Trip of a life time (3) Gundagai NSW

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February 16th 2008
Published: February 23rd 2008
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I had to do it. I had to do the tourist thing with the dog and the family
Brief diary entries

Monday 26 January 1987

Leave Orange. Cowra, Young, Lunch Cootamundra, Gundegai 2 x dog + tuckerbox. 3 x long bridge. Hot dry. Scenery and weather. Tarcutta pop 350 Fan belt gone. PC Joan.

".... its origins lie firmly in the Australian bush and the early pioneers - who in this case forged west and south from the colonial headquarters in Sydney, following the explorers searching for the source of the Murrumbidgee River. Numbers of them took up holdings in the Gundagai district in the period 1830-50

They were hard and hazardous times with supplies and stores having to be transported along makeshift tracks over rough terrain by bullock teams. To pass the time while often being bogged, or for the river level to fall at crossings such as Muttama Creek near Gundagai, 'bullockies' would recite doggerel and rhymes picked up on their travels - and, sometimes, even write a few lines. Often on such occasions the bullocky's dog would sit guarding its master's tuckerbox and possessions while he was away seeking help.

So was the legend of 'The Dog on the Tuckerbox' born in the 1850s. "


Bowyang Yorke's Poem
As I was coming down Conroy's Gap,
I heard a maiden cry;
'There goes Bill the Bullocky,
He's bound for Gundagai.
A better poor old beggar
Never earnt an honest crust,
A better poor old beggar
Never drug a whip through dust.'
His team got bogged at the nine mile creek,
Bill lashed and swore and cried;
'If Nobby don't get me out of this,
I'll tattoo his bloody hide.'
But Nobby strained and broke the yoke,
And poked out the leader's eye;
Then the dog sat on the Tucker Box
Nine miles from Gundagai.


29th March 2008

Dog on Tuckerbox or the DonT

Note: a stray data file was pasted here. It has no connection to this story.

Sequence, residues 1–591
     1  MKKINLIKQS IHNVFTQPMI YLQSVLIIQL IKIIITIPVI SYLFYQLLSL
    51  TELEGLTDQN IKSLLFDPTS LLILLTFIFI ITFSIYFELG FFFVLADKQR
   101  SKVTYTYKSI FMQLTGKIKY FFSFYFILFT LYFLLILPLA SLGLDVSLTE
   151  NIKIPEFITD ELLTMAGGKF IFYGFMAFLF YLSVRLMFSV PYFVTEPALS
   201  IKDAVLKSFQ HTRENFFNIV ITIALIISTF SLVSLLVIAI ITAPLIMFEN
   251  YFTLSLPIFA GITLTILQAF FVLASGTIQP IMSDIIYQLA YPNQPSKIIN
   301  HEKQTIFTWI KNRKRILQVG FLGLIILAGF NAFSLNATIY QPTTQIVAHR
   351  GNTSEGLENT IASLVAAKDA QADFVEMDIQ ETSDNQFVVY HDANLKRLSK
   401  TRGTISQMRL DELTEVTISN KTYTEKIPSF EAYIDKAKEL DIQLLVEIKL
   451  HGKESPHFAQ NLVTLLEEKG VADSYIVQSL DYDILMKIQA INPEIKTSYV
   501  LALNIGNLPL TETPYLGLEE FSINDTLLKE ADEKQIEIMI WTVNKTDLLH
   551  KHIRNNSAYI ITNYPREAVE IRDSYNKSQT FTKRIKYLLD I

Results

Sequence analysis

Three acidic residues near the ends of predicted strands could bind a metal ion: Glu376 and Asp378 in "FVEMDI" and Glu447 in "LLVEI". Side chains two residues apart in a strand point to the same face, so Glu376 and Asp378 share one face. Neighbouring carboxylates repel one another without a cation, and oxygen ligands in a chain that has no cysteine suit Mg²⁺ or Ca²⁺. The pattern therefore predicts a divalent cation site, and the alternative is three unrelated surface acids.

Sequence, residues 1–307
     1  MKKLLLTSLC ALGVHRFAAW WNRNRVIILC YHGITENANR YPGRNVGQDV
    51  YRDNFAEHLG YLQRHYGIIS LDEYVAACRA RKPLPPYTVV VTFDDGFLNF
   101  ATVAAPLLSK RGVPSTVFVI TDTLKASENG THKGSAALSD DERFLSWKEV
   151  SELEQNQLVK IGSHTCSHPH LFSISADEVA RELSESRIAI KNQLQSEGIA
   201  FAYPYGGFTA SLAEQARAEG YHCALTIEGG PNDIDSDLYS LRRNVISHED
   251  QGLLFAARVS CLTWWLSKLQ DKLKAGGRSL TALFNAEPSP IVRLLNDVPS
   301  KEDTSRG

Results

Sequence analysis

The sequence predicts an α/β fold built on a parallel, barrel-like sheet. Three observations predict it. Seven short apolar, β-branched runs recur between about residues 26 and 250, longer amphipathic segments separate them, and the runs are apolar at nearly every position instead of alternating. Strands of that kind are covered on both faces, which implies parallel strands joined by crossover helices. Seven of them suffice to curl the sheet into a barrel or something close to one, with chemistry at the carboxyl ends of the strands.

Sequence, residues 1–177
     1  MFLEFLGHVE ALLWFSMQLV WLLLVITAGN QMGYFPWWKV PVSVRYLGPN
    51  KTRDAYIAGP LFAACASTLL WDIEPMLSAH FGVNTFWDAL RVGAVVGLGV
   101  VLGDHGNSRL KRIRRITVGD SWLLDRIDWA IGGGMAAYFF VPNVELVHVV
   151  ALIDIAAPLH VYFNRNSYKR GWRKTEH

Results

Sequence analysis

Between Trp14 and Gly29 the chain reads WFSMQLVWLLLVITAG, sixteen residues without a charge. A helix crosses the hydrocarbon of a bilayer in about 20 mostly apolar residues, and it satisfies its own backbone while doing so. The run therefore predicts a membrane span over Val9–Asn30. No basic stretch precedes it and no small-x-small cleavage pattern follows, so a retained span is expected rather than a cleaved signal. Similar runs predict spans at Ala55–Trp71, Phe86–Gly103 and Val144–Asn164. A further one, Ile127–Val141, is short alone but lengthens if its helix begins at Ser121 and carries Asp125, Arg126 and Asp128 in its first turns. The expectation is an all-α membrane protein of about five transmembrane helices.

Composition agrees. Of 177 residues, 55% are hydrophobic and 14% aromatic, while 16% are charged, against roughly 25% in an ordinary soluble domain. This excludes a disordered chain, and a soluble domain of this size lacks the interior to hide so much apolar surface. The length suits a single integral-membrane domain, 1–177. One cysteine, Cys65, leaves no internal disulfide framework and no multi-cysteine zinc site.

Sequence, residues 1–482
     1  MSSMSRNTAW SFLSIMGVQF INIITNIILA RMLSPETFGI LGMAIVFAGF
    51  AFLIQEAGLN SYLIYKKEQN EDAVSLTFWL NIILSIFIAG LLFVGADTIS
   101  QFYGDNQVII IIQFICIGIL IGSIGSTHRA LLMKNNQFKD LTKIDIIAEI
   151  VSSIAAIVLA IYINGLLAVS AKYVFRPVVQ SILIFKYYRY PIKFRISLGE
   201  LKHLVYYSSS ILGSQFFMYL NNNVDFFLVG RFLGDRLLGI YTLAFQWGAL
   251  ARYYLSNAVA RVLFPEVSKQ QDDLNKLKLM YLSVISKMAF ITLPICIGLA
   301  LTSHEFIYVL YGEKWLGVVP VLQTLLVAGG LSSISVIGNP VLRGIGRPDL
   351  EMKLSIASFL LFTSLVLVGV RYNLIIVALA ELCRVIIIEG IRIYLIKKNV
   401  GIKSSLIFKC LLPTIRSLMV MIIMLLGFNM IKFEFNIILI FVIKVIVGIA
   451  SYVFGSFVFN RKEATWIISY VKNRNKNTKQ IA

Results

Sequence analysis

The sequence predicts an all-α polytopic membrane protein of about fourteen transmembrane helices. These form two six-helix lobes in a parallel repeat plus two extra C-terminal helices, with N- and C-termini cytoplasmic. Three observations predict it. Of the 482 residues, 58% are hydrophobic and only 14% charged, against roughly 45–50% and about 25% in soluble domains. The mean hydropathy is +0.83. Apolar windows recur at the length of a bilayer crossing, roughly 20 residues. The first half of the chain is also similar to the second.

The Dog on the Tuckerbox is about a large massacre of Aboriginal people in the 1830s. The story wouldnt go away and peopel began to write poems and songs and put up dogs on sticks at the Nien Mile. (In Indigenous lore, a shape a bit similar to a dog is an important cultural aspect so 'dog' refers to indigenosu people and lore similar to 'tigers' in Gundagai refers to member sof the Rugby league Club). The poems, songs and dogs up on sticks became embarrassing for the town and area, but it is what the area is known for even if the massacre was a very terrible one. The DonT monument was built an dsome try ot align it with faithful dogs. Any quick reading of the inscription on the monument tells the reader that monument is at the least about the war the colonials had with the Indigenosu people whent hey took their land from them. The dray loaded with flour did bog in the creek. The driver went to the pub and when he came back the flour had been interferred with. The colonials then laced the remainign flour with arsenic and more flour was taken. The deaths were terrible but there were also abuses perpetrated by the colonials on the Indigenosu peopel as they were dying. A recent archaeological survey of the Five Mile/Coolac area has found numerous artefacts, campsites etc. The area was an incredibly important Indigenosu cultural area as is all of Gundagai and the surrounding country. This has been hidden but is also at the same time, now well known where it needs to be known. Areas are listed on the AIHMS Register.
29th March 2008

Dog on Tuckerbox or the DonT
Thanks for that feedback. I hadn't heard that. I wish I had know it at the time. I would have looked at it with different eyes.

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